The general adaptation stages were defined in the 1950s by Hans Selye, who first identified and named general adaptation syndrome in 1936. 

Upon further research and fleshing out of his GAS theory, Hans Selye added the GAS stages for a more concrete model of general adaptation syndrome.

The three stages of general adaptation syndrome are the Alarm Reaction stage, the Resistance stage, and the Exhaustion stage.

Let’s look more closely at each of these general adaptation syndrome stages:

People working out on rowing machines.

#1: Alarm Reaction Stage 

The first GAS stage is called the Alarm Reaction stage. This stage involves your body‘s initial response to a stressor.

When the body encounters some type of physical or psycho-social stress, the sympathetic nervous system is activated. This is the “fight-or-flight” branch of the autonomic nervous system designed to help your body handle some type of perceived threat. 

Even “positive stress“ is a perceived threat to the body. 

For example, a good run or a vigorous workout will activate the sympathetic nervous system as you are putting your body under physiological stress relative to rest. 

When the sympathetic nervous system is activated, it triggers various physiological responses, one of which is stimulating the adrenal glands to secrete hormones such as epinephrine (adrenaline) and norepinephrine.

These hormones set off a cascade of reactions in your body, such as an increase in your heart rate and breathing rate, an increase in blood pressure, and heightened attention.

Thus, the alarm reaction stage of the general adaptation syndrome is evidenced by physical symptoms such as elevated heart rate, dilated pupils, faster breathing rate, flushed skin, trembling or muscle twitching, and heightened senses.

According to the general adaptation syndrome model, these symptoms disappear during GAS stage two but reappear in the final GAS stage.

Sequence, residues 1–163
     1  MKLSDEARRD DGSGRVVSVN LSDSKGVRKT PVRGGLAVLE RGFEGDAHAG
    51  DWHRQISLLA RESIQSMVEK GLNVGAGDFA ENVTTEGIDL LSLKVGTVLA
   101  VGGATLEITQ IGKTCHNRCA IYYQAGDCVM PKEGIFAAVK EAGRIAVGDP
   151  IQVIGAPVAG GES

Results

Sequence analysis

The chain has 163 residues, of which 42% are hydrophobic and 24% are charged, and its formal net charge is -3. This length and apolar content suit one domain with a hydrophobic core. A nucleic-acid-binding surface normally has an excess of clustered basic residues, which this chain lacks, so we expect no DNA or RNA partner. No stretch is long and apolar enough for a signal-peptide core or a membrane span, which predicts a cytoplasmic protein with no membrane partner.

A person exhausted from working out.

#2: Resistance Stage

After the initial “alarm bells“ go off when your body is keyed into stress, your body tries to repair itself from the shock or stress that has occurred. This is the resistance stage of GAS.

As long as the stress was acute, the resistance stage will see all of the physical symptoms of the sympathetic nervous system activation revert back to homeostasis.

However, if the stress persists, the sympathetic nervous system will remain active, which will continue to elevate blood pressure because the same stimulating hormones are being released. 

Your body will continue to fight to restore homeostasis by continuing to “fight or flight“ distress until it is gone.

However, prolonged chronic stress will begin to manifest as other symptoms such as headaches, difficulty sleeping, anxiety or depression, chronic fatigue, etc. 

Additionally, prolonged stress will lead to chronic elevation of cortisol, the primary stress hormone.

There are various consequences of high cortisol levels.

For example, there are several chronic illnesses that have been shown to be associated with chronically elevated cortisol. High cortisol levels can increase the risk of hypertension, type 2 diabetes, heart disease, osteoporosis, and obesity.

A person hunched over, exhausted.

Numerous research studies have shown an association between high cortisol levels and weight gain, particularly in the abdominal region.